Church Ignoring Jesus' Teaching on Money, Says Charity Head

LONDON – The head of a national money education charity based in London spoke of the challenge facing the Church to preach on what the Bible has to say about money, debt and possessions.

"We are a middle class church with middle class values often totally ignoring Jesus' teaching in this key area," Keith Tondeur, president of Credit Action, said at the Evangelical Alliance's Life Beyond Debt conference this week. "We need to challenge our leaders and people in high places – wake up, get real, talk about real issues that can make a difference to people."

He chided the Church for failing to present the world with a Christ-inspired alternative to debt and borrowing.

"We are irrelevant to virtually everybody in this country because we do not show a radical alternative where we live out Jesus' unconditional love and we are Jesus and we are God's hands on earth and God's wallets on earth to every single person Jesus puts in our path. But we are no different; we handle money in the same way," he said.

Tondeur urged churches to help people shift their priorities from the temporal to the eternal.

"There is a world out there that wants love, forgiveness, grace, hope, joy. That's what they need. They don't need more things. And the church by and large is not offering this," he said.

"We need to challenge congregations to help them understand Jesus' priorities. God is more important than money, people are more important than possessions, heaven is more important than earth."

Also addressing the participating Christian leaders and charity representatives was British politician Hazel Blears who stressed that faith-based groups have an important role to play in bringing hope in the face of today's economic challenges.

Communities Secretary Blears pointed to the example set by Jesus in bringing hope to the people around him.

"Even in the darkest times faith will endure and give us hope," she said. "Jesus knew exactly the kinds of challenges that people are facing today.

"Times were pretty tough for the people that he lived with. Practical matters of work and money and food were never far from his thoughts and indeed his actions," she continued. "In every story and every encounter he always brought hope and that's one of the reasons that faith-based charities have such an important role to play as we face today's economic challenges."

Blears reassured the audience that the Government was listening to them, although she acknowledged that ignorance or mistrust on the part of Local Authorities meant that religious groups had not always received their fair share of public funding.

She invited Christians to take part in a conversation about a possible Charter of Excellence under which faith groups would receive funding from public bodies on the condition that they do not proselytize or discriminate against people of a different or no faith.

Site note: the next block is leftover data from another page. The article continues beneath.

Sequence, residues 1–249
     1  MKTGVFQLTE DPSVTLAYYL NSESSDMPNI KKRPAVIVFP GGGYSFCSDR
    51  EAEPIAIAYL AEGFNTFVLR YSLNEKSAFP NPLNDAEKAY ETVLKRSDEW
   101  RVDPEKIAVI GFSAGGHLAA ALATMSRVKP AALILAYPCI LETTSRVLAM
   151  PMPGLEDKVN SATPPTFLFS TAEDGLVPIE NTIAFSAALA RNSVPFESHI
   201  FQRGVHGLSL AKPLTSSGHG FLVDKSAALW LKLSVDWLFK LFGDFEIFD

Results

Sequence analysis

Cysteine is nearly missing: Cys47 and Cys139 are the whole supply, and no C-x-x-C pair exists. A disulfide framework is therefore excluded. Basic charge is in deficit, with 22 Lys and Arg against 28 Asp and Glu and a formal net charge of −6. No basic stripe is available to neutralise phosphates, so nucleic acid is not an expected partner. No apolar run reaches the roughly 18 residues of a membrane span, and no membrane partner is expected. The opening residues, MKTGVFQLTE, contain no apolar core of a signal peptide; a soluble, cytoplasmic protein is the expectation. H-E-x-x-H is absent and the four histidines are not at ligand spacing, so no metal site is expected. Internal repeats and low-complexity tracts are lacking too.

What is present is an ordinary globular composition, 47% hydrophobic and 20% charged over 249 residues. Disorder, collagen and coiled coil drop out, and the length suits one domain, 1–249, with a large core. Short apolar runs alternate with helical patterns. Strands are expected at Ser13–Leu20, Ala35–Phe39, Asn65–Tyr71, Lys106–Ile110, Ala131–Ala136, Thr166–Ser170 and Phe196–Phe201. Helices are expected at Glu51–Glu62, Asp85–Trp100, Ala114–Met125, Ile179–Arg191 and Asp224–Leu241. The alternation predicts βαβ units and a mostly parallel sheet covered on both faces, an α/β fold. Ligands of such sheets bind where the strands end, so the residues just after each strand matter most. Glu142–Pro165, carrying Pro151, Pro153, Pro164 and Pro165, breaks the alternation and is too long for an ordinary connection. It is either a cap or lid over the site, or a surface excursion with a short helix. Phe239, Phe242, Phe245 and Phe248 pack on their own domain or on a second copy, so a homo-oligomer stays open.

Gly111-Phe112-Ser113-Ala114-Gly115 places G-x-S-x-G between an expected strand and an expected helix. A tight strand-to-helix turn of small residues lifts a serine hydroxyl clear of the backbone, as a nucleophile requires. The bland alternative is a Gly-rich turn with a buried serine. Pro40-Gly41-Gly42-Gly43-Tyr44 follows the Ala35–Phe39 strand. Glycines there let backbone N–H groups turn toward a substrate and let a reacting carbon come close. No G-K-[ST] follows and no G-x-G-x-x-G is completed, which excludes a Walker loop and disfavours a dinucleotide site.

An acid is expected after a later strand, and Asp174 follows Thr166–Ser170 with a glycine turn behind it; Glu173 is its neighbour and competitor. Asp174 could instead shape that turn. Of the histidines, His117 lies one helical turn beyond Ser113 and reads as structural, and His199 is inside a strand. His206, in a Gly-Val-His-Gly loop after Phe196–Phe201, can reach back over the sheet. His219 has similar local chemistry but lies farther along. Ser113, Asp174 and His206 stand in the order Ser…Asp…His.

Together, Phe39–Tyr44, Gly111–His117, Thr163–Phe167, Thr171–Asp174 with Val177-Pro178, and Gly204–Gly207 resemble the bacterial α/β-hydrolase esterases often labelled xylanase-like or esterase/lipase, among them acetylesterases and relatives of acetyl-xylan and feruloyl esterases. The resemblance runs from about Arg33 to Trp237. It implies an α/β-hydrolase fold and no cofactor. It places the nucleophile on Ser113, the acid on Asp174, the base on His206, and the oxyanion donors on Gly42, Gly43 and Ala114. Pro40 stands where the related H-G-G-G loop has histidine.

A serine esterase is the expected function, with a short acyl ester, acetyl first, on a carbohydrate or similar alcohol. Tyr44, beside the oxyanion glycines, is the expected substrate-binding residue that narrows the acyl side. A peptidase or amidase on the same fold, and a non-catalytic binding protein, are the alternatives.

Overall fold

"There's a balance to be struck here. It's not about trying to stop [faith group workers] from talking about their faith if people ask them or being open about what motivates them. It is not about sanitizing that faith motivation from the organization," she insisted. "It is just making sure that if we spend public money, which comes from everyone in this country, then that money is spent fairly and without discrimination."

Blears went on to praise Christians who demonstrate their faith with practical action, citing the Apostle James who said faith without deeds is dead. She concluded by reaffirming the hope her faith gives her.

"The Bible has a lot to say about hope. Paul rates it as one of the three defining qualities of Christian life alongside faith and love," she said.

"Faith for me does give hope for the future," she added. "There is a difficult path ahead … but I do believe we will get through this difficult time. Things will change and maybe some things will change for the better for the long-term, not only for our country but for the whole of the world."

"And that's why I think your input, your special point of view should be something all of our Government listens to, takes seriously, and tries to reflect in the values that we want to use to shape the future of our country."

The conference, held at The Salvation Army's International Headquarters in London, brought together 60 church leaders and anti-debt campaigners.

During the day, the Evangelical Alliance, together with a range of its member organizations, launched a campaign to encourage local churches to offer practical pastoral support to congregations and local communities and to challenge Christian attitudes to wealth and possessions.

It also launched a new website to encourage and resource churches to make a difference in their communities.

Matt Barlow, chief executive of Christians Against Poverty, said that people suffering debt felt "powerless and hopeless" to change their situation. But he said the power lies within the national network of churches to help people face the emotional and practical problems of indebtedness.

"We, the local church, can ensure that peoples' emotional needs and their practical needs are helped, more than probably any other group in society," he said.

The conference concluded with the release of a public statement from delegates calling people to regard wealth as a gift for the whole community that should be stewarded "justly and generously." The statement goes on to condemn usury and the "irresponsible," "morally unjustifiable and socially harmful" lending practices at the root of the current crisis.

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